A large-scale genome-wide association study in Japanese individuals identifies dozens of new susceptibility loci across various disease states, highlighting the importance of such studies in non-European populations. As reported in Nature Genetics this week, an international research team led by scientists from the Riken Center for Integrative Medical Sciences performed the GWAS with 212,453 Japanese people across 42 diseases common in the BioBank Japan Project including cancers, cardiovascular diseases, and infectious diseases. Among the findings were 320 independent signals in 276 loci for 27 diseases, with 25 novel loci. Notably, for three of these loci East Asian-specific missense variants were identified as candidate causal variants. "Currently, large-scale genetic studies are dominated by European-descent samples and fail to capture the level of diversity that exists globally," the study's authors write. "Our study contributes to broadening the population diversity in genetic studies and should potentially mitigate the problems originating from this imbalance."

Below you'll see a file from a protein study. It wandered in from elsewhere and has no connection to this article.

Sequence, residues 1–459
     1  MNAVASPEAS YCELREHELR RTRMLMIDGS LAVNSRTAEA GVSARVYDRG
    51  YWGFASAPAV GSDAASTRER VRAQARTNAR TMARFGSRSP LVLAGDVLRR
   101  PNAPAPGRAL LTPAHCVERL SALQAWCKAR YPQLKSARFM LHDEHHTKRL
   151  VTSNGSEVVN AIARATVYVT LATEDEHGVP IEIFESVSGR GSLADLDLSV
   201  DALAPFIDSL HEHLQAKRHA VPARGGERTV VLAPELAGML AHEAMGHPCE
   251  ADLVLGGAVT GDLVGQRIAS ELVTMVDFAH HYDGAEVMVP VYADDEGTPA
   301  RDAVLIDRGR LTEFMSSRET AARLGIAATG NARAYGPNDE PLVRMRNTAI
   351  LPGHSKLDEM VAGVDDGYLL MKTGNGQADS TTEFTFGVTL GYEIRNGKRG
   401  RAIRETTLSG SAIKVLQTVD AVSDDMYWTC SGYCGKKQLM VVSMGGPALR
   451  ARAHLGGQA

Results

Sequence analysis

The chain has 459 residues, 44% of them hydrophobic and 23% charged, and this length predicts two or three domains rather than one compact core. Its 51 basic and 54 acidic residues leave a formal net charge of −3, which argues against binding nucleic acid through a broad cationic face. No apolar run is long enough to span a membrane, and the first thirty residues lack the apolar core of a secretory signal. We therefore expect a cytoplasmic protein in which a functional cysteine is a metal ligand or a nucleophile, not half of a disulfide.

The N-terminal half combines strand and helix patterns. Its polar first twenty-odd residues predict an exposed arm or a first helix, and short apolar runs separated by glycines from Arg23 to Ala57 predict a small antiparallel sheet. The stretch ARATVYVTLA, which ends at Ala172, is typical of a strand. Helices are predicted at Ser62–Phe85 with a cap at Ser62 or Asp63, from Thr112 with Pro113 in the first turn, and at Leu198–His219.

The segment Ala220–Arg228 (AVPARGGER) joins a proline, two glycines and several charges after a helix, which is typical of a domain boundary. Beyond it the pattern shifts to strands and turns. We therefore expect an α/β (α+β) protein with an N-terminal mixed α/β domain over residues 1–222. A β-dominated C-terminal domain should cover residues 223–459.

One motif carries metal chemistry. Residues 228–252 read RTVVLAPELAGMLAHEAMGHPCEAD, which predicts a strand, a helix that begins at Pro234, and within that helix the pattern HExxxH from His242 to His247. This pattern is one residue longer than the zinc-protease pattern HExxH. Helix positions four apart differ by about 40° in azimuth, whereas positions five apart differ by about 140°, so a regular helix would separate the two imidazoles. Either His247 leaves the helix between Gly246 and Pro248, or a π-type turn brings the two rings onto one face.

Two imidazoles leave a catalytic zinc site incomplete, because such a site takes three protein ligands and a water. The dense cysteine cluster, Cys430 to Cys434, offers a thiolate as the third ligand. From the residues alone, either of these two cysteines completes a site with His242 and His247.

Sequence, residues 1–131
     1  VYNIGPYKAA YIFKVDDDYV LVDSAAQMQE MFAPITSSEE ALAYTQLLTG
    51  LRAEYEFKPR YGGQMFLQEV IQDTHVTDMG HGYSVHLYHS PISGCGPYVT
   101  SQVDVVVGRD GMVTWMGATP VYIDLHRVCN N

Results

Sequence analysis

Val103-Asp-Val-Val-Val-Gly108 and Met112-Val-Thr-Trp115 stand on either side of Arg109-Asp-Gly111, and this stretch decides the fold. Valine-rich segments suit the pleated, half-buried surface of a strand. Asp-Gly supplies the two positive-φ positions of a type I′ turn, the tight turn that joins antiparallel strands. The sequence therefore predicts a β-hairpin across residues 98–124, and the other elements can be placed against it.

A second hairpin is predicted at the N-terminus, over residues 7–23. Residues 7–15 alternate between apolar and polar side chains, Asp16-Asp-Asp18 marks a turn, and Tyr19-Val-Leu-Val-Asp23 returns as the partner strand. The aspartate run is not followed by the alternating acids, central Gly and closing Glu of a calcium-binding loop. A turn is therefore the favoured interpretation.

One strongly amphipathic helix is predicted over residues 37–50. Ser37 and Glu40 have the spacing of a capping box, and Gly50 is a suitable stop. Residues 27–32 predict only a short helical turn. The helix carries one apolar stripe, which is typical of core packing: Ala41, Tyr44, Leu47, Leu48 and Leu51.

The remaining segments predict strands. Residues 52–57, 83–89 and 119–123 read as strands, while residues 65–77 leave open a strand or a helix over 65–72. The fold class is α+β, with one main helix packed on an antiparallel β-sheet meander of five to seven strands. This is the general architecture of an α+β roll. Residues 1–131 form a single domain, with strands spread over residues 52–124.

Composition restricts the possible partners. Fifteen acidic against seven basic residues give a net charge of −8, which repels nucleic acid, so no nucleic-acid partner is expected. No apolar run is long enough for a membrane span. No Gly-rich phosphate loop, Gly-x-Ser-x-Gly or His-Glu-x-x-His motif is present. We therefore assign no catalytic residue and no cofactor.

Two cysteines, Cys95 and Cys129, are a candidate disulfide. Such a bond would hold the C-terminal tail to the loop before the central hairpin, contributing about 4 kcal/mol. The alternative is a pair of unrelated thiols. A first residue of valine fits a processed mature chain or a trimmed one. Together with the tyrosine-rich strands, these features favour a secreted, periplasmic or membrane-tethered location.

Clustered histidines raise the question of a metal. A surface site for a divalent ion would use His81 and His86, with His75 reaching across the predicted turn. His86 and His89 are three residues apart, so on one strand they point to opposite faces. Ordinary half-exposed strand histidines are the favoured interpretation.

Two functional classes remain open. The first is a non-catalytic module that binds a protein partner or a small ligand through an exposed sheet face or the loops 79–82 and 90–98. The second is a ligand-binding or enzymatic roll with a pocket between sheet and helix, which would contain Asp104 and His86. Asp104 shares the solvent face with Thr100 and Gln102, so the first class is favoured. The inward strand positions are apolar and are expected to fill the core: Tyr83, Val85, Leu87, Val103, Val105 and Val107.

While modulation of the function and metabolism of transfer RNAs (tRNAs) is a critical aspect of translation in changing cellular conditions, the structure, location, and extent of such modifications have been systematically cataloged in very few organisms, primarily due to technical limitations. To address this issue, scientists from Harvard Medical School and the Massachusetts Institute of Technology have developed an approach — described in this week's Nature Chemical Biology— that couples high-throughput tRNA sequencing for the prediction of modified sites with RNA mass spectrometry-based identification of tRNA modifications. They use their method to profile tRNA modifications in Vibrio cholerae, a disease-causing bacteria where tRNA modifications have not been charted, and to uncover a species-specific modification and a new tRNA modification, and to find evidence for an RNA editing process not previously observed.